California Legislature Approves Expedited Construction of Affordable Housing on Church Properties

California Legislature Takes Action on Several Key Bills for Affordable Housing, Education, and More

Lawmakers in California are diligently working to address a wide range of issues as they debate nearly 1,000 bills during the final two weeks of the Legislative session. Among the notable actions taken by the California Legislature on Thursday are bills regarding affordable housing, education, and the creation of gender-neutral bathrooms in schools.

In response to the ongoing homeless crisis in California, lawmakers have voted in favor of a bill that would allow religious institutions and nonprofit colleges to convert their parking lots and other properties into low-income housing. This legislation aims to combat the state’s severe homelessness problem, which currently affects approximately 171,000 individuals, or about 30% of the nation’s total homeless population. The bill would streamline the process for rezoning land owned by churches, mosques, synagogues, and nonprofit colleges, bypassing local permitting and environmental review rules that are often time-consuming and costly.

One of the key obstacles faced by churches and colleges when attempting to convert their land into housing is that it is not zoned for residential use. To address this issue, Democratic Sen. Scott Wiener has authored a bill that would ease zoning restrictions and facilitate the construction of much-needed affordable housing. The legislation has already been approved by the Assembly and now requires final approval in the state Senate before it can be signed into law by Democratic Gov. Gavin Newsom. If enacted, the bill would only apply to affordable housing projects and would sunset in 2036.

Proponents of this bill argue that it could significantly increase California’s affordable housing stock, potentially adding hundreds of thousands of housing units. A study conducted by the University of California, Berkeley estimated that religious and higher education campuses in the state possess over 170,000 acres of land that would be eligible for development under this legislation. However, some cities and environmental groups have expressed concerns about the bill, suggesting that it could limit local control over housing developments and place low-income housing in proximity to polluting areas.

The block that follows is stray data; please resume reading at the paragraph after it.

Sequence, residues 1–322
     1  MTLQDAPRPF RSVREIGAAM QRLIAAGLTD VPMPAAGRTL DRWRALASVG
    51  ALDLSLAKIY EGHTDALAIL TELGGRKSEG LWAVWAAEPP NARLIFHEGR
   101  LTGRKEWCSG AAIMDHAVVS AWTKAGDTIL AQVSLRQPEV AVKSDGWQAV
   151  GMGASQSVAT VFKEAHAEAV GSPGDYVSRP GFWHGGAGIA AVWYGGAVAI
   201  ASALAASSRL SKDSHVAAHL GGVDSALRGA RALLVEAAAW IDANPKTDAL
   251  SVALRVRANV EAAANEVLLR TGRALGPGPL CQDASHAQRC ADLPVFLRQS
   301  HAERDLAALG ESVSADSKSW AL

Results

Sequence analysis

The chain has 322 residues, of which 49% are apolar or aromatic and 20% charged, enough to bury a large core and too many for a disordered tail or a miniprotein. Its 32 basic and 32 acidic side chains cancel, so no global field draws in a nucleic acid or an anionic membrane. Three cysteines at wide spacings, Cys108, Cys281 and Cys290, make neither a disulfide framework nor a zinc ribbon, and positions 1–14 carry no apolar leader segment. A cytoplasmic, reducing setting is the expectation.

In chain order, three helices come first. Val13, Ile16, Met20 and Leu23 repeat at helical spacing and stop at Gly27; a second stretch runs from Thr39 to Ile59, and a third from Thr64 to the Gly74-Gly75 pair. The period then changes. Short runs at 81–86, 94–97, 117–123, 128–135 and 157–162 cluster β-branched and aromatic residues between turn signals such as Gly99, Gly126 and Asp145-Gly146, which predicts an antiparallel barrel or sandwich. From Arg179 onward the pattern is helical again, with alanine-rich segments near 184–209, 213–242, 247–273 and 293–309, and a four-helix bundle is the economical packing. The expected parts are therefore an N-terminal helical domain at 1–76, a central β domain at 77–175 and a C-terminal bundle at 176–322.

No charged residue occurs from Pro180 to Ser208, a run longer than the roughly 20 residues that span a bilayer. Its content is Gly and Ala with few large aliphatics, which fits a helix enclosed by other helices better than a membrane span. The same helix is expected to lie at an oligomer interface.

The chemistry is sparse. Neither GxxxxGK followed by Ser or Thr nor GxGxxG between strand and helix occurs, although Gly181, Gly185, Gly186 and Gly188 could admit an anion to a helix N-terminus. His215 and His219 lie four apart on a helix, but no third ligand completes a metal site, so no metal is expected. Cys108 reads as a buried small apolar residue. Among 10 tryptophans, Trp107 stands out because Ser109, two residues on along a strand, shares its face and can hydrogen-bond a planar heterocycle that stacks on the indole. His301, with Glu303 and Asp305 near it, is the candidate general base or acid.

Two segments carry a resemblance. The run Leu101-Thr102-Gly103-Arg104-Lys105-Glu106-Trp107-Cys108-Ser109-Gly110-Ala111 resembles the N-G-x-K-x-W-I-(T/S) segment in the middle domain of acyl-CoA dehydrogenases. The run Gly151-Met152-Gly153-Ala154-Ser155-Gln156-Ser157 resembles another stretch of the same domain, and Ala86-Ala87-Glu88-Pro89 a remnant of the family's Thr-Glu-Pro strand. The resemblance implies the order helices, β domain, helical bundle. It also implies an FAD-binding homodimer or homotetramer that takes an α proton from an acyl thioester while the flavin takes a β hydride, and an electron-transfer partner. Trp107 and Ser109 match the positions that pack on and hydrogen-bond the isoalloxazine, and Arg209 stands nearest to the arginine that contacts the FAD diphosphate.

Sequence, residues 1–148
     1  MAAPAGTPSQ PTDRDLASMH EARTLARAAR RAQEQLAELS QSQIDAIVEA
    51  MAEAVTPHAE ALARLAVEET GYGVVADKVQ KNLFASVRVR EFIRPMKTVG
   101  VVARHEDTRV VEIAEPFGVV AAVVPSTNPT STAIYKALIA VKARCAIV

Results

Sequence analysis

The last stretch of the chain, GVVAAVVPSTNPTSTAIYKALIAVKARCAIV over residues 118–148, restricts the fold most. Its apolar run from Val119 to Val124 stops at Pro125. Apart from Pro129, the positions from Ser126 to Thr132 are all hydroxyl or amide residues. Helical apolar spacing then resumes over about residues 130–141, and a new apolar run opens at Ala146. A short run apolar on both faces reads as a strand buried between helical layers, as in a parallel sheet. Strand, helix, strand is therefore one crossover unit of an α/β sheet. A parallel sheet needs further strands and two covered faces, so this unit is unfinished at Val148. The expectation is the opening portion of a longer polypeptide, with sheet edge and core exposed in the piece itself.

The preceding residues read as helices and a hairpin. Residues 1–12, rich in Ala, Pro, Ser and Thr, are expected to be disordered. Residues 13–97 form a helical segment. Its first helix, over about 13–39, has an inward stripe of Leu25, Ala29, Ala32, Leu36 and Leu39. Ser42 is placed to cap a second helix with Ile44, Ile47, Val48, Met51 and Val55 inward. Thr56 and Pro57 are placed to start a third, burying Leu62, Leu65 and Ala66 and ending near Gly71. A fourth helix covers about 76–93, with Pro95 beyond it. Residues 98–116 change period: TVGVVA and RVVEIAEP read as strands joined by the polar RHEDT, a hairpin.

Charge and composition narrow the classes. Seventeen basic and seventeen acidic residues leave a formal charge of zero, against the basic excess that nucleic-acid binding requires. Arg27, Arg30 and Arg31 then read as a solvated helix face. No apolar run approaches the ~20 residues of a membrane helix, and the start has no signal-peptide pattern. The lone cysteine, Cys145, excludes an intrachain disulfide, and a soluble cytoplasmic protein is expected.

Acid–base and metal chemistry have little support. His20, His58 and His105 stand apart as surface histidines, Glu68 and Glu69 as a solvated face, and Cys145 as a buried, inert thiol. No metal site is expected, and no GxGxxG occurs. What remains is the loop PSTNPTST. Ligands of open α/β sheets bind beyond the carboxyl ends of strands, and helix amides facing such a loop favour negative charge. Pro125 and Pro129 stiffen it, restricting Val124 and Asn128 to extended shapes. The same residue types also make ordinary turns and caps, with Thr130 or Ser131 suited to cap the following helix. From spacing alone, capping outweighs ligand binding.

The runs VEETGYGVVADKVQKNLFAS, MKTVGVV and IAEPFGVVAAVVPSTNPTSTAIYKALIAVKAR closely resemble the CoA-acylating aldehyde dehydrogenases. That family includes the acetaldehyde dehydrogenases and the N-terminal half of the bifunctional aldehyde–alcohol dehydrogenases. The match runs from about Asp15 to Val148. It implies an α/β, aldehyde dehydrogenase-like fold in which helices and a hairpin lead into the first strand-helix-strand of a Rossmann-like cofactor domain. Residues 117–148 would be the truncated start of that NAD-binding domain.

In the realm of education, the California Legislature has also taken action to ensure that school curricula reflect the cultural and racial diversity of the state and the nation. A bill has been passed that would require school boards to approve instructional materials that accurately depict LGBTQ+ individuals and their contributions. The bill aims to prevent school boards from rejecting textbooks based on the inclusion of information about specific racial backgrounds or sexual orientations. This issue gained attention in California when a school board rejected a social studies curriculum that mentioned Harvey Milk, a prominent gay rights advocate, leading to a subsequent threat of fine by Gov. Newsom and a subsequent reversal by the board.

During debates on this bill in the State Senate, there was intense discussion surrounding the topic. Democratic Sen. Susan Talamantes Eggman, chair of the California Legislative LGBTQ Caucus, accused Republican Sen. Rosilicie Ochoa Bogh of making off-topic comments, leading to a temporary suspension of the proceedings. Despite opposition from Republican lawmakers, the bill ultimately passed in the Assembly and is now awaiting approval from Gov. Newsom.

Additionally, the Legislature has addressed an important housing law by passing a bill that extends its life. The law, passed in 2018, streamlines regulations for housing projects in cities that have not met state-mandated goals for affordable housing. Since its implementation, this law has facilitated the construction of 18,000 homes, with roughly 75% of them being affordable housing. The new bill removes the requirement for hiring “skilled and trained workers,” a provision that unions typically seek, and instead mandates that workers be paid the prevailing wage of the local area.

Opposition to the bill arose from the state Coastal Commission and environmental groups concerned about the exemption on streamlined housing development in coastal zones. These opponents worried that the bill would lead to the construction of luxury apartments rather than affordable housing in areas prone to sea-level rise or wildfires. However, Democratic Assemblymember Buffy Wicks, a co-author of the bill, clarified that it only applies to coastal areas zoned for multifamily housing. With the Coastal Commission no longer opposing the bill, it has passed in the Assembly and awaits Gov. Newsom’s approval.

Lastly, the Legislature approved a bill that mandates the inclusion of at least one gender-neutral bathroom in schools serving first through twelfth-grade students by 2026. This legislation reflects the ongoing discussions surrounding the rights of transgender and nonbinary students and whether parents should be notified when their child changes pronouns at school.

As the Legislature continues its work, lawmakers have until September 14 to act on various bills. Once they reach their decisions, Gov. Newsom will have approximately one month to determine whether to sign the bills into law. These legislative actions highlight the multifaceted challenges facing California and demonstrate the ongoing efforts to address critical issues in the state.

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